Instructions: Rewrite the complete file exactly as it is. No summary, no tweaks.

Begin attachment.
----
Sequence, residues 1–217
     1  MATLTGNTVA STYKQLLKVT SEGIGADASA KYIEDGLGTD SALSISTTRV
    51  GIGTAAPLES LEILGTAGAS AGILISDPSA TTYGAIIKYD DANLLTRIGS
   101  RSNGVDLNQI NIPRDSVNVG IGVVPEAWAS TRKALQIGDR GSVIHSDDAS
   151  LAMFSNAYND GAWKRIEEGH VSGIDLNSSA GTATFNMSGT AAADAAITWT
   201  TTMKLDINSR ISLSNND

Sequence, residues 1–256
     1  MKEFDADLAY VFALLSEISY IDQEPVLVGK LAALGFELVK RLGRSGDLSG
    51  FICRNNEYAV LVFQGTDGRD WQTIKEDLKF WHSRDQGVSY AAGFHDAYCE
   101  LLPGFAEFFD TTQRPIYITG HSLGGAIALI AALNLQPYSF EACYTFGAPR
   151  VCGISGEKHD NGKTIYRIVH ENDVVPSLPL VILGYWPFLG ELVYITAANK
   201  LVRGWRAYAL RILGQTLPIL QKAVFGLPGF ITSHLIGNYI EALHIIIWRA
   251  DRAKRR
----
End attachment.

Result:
Sequence, residues 1–217
     1  MATLTGNTVA STYKQLLKVT SEGIGADASA KYIEDGLGTD SALSISTTRV
    51  GIGTAAPLES LEILGTAGAS AGILISDPSA TTYGAIIKYD DANLLTRIGS
   101  RSNGVDLNQI NIPRDSVNVG IGVVPEAWAS TRKALQIGDR GSVIHSDDAS
   151  LAMFSNAYND GAWKRIEEGH VSGIDLNSSA GTATFNMSGT AAADAAITWT
   201  TTMKLDINSR ISLSNND

Sequence, residues 1–256
     1  MKEFDADLAY VFALLSEISY IDQEPVLVGK LAALGFELVK RLGRSGDLSG
    51  FICRNNEYAV LVFQGTDGRD WQTIKEDLKF WHSRDQGVSY AAGFHDAYCE
   101  LLPGFAEFFD TTQRPIYITG HSLGGAIALI AALNLQPYSF EACYTFGAPR
   151  VCGISGEKHD NGKTIYRIVH ENDVVPSLPL VILGYWPFLG ELVYITAANK
   201  LVRGWRAYAL RILGQTLPIL QKAVFGLPGF ITSHLIGNYI EALHIIIWRA
   251  DRAKRR